Eating In London

Kage Baker was a picky eater. God, was she! I have had better luck with intransigent toddlers than with my sister in her 50’s.

However, she loved most Fair food, and the goodies at Dickens were probably her favourite. For one thing, most of it was decently served in bowls and on plates, with spoons and forks and napkins – and as fond as we all were of beef ribs with fire repellent, or warm ale with straw in it, a clean bowl of raspberry trifle with custard sauce goes down awfully nicely …

One can get a proper High tea at Dickens, at Cuthbert’s Tea House; make a reservation, since it is the probably the most popular place to sit down and eat, and enjoy really good tea and scones baked right on the premises.

Elsewhere at Dickens, there are plates of bangers and mash (sausage and potatoes, for you culturally-deprived Americans), which are an ultimate comfort food. There are steak pasties (those are meat pies). There are fish and chips, calamari and chips (I shudder to imagine how they have worked this out with the captive squid down the lane), fried oysters … I know no better Sunday restorative than an order of fried oysters with a Black Moon: which is Guiness and champagne. Kage and I got through the cold wet winters at the Fox Theatre on those.

There are several kinds of traditional meat pies – steak, chicken, and sausage pies; Shepherd and Cottage pies, and Cornish pasties. All are divine, even if you eat them – as one of my young men insists on doing – smothered in tomato catsup … there are several varieties of sausages inna bun. There is Greek food hot and cold. There is hot soup (or cold, if you hang about the breezeway). There are roasted chestnuts, fresh popcorn, Maclaran’s divine cookies and cold milk. There is the best coffee and chai in the world at Mr. Brown’s.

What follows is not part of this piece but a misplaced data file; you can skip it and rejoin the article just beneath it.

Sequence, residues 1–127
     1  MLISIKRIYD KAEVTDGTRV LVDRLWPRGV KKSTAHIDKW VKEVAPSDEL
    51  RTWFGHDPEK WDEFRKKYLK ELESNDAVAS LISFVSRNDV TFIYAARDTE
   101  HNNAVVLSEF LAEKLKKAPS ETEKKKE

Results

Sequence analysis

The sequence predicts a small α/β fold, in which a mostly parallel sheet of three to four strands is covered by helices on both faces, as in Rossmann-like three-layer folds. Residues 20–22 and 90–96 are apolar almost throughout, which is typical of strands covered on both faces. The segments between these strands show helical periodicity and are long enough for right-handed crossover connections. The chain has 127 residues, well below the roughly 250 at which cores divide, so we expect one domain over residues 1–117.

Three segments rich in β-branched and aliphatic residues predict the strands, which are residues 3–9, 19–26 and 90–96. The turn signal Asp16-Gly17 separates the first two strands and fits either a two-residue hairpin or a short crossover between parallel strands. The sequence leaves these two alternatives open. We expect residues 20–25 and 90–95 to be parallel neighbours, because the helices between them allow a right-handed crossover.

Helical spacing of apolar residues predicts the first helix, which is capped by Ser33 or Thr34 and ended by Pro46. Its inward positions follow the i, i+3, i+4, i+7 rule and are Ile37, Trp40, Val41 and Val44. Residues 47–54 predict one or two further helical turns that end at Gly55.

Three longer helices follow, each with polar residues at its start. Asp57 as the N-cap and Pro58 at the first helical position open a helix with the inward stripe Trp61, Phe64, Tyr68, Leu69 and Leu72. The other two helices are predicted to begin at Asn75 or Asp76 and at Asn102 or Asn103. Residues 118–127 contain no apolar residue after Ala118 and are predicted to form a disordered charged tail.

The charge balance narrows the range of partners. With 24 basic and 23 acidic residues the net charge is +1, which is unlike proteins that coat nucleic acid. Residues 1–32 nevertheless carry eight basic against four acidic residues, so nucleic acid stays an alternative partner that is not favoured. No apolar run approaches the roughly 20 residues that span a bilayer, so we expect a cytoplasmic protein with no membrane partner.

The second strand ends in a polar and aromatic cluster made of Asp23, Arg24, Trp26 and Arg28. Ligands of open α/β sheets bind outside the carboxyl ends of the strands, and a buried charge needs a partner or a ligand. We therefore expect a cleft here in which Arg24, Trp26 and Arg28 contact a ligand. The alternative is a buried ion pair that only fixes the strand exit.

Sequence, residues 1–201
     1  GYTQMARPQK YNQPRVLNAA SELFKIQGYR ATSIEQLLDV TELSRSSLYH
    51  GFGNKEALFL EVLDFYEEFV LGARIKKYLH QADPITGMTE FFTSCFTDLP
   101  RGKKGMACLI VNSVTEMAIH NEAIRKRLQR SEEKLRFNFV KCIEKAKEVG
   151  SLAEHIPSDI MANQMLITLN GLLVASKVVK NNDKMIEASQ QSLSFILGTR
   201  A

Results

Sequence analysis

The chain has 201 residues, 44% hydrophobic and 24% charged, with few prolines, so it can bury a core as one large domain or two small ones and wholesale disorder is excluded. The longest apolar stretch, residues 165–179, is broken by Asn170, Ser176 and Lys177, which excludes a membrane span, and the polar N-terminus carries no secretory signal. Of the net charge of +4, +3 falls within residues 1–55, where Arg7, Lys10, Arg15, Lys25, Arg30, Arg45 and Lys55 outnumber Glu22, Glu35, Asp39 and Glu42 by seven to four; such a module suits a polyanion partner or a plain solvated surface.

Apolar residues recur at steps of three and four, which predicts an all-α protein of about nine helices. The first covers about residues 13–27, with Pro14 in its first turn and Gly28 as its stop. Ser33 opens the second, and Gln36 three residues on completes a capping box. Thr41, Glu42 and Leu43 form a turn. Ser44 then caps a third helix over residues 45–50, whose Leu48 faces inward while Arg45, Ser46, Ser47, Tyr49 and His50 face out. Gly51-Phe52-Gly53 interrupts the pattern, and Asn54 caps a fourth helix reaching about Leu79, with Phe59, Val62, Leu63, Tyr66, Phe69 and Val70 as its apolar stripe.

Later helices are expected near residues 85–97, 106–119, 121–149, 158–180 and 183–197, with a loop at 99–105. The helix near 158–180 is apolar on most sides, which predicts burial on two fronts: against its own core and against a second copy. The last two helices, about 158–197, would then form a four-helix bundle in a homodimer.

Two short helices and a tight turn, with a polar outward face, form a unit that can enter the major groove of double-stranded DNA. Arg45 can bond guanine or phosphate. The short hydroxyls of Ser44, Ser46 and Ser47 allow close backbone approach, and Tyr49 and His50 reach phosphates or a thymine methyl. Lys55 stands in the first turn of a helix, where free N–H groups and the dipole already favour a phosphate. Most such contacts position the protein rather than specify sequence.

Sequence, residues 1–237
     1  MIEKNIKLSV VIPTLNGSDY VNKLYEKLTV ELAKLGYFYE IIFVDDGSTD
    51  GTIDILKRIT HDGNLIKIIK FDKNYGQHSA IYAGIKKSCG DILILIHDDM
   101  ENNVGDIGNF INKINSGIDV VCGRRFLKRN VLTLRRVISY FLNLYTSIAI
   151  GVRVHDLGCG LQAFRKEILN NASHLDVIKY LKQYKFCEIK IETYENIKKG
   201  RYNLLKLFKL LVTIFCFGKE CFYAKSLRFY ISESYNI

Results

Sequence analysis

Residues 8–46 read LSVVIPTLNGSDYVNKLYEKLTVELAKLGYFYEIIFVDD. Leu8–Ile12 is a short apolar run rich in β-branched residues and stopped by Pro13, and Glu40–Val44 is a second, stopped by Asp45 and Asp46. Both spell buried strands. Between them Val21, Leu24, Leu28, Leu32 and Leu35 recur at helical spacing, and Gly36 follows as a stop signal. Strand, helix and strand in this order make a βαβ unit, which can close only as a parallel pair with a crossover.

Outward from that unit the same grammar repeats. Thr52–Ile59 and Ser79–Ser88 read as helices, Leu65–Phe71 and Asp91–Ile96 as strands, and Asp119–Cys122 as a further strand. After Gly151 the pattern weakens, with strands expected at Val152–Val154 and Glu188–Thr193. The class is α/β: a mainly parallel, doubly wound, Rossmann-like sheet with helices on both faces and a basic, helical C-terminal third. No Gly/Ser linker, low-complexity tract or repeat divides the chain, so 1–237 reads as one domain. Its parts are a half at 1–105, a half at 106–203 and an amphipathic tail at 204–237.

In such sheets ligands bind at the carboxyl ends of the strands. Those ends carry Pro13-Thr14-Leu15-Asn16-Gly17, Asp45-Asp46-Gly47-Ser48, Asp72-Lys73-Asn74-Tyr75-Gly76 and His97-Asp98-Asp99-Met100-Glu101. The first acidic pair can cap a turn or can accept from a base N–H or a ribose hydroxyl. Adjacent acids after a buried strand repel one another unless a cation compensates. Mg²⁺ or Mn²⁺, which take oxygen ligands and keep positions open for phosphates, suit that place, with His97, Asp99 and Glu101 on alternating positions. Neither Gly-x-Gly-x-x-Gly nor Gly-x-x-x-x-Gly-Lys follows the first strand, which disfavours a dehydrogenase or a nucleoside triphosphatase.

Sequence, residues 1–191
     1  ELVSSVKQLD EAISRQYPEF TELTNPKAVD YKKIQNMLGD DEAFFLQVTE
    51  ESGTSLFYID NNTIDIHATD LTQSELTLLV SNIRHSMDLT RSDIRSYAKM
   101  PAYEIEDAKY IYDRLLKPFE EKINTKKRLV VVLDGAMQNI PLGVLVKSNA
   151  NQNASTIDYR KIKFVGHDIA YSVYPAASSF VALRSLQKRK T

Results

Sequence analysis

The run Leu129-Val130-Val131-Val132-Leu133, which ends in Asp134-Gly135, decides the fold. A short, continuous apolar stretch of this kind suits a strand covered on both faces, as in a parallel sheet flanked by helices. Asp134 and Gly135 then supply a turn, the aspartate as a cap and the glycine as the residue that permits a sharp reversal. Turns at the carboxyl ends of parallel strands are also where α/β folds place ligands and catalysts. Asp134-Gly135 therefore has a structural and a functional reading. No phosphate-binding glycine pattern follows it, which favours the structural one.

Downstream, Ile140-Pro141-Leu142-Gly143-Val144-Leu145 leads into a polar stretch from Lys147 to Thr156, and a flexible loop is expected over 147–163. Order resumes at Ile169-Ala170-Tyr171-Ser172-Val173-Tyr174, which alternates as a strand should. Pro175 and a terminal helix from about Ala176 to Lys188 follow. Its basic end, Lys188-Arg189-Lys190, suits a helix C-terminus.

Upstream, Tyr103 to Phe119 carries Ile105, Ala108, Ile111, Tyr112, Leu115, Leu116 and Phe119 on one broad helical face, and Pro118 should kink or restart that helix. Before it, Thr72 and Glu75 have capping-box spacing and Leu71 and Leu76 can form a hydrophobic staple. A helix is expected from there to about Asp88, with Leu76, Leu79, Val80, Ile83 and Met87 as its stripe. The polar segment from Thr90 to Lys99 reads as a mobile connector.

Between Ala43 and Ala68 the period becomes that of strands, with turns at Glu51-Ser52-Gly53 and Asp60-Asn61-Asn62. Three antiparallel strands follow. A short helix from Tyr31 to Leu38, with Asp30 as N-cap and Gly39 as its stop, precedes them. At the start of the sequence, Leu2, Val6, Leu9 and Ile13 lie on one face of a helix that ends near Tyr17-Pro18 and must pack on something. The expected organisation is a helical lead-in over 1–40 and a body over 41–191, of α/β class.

There is chocolate, and more chocolate, and still more chocolate. There are candied nuts, candied fruits, candy canes. There is probably even someone with a few fresh oranges and apples somewhere …

In the Green Man, we have nothing for sale (being, despite the amazing amount of eating and drinking going on in my Parlour, a stage). But do we eat? Oh my yes. I feed my staff, through the angelic grace and talents of The Cooking Ladies, who are probably the most important part of the Parlour. Every day they feed us all: roast beef, devilled eggs, Scotch eggs (and if you don’t know what those are, God save you for an ignorant  saisen), ham, turkey; sarnies of chicken salad, cucumbers and prawn spread; 3 kinds of mustard, 2 kinds of pickles, olives and carrots; fresh rolls; 3 kinds of cheese, Italian sausage and whatever else occurs to someone over the week.

And then we serve sweets: gingerbread cake, rum cake, fancy biscuits. Home-made lemon curd and rum sauce. Fudge, Turkish delight and peppermints. Marzipan. Truffles. Jelly beans …

Watching us eat is probably in violation of the Geneva Convention for the poor customers. But if it gets too much to bear, there is all the other stuff I have outlined above – which is very nearly as good. Go forth and you can find a lunch almost as fine as ours.

Except for Kelly’s Scotch eggs. And Liz’s lemon curd. And Mike’s rum cake. And DJ’s truffles … nothing on this living earth compares with any of those.

Tomorrow: Back to London! Your correspondent on the road!

About Kate

I am Kage Baker's sister. Kage was/is a well-known science fiction writer, who died on January 31, 2010. She told me to keep her work going - I'm doing that. This blog will document the process.
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3 Responses to Eating In London

  1. catharine says:

    I’m thinking you should at least share recipes, after that mouth watering descriptive!

  2. Pingback: World Spinner

  3. Buffalo says:

    Love the snowfall, Mother!

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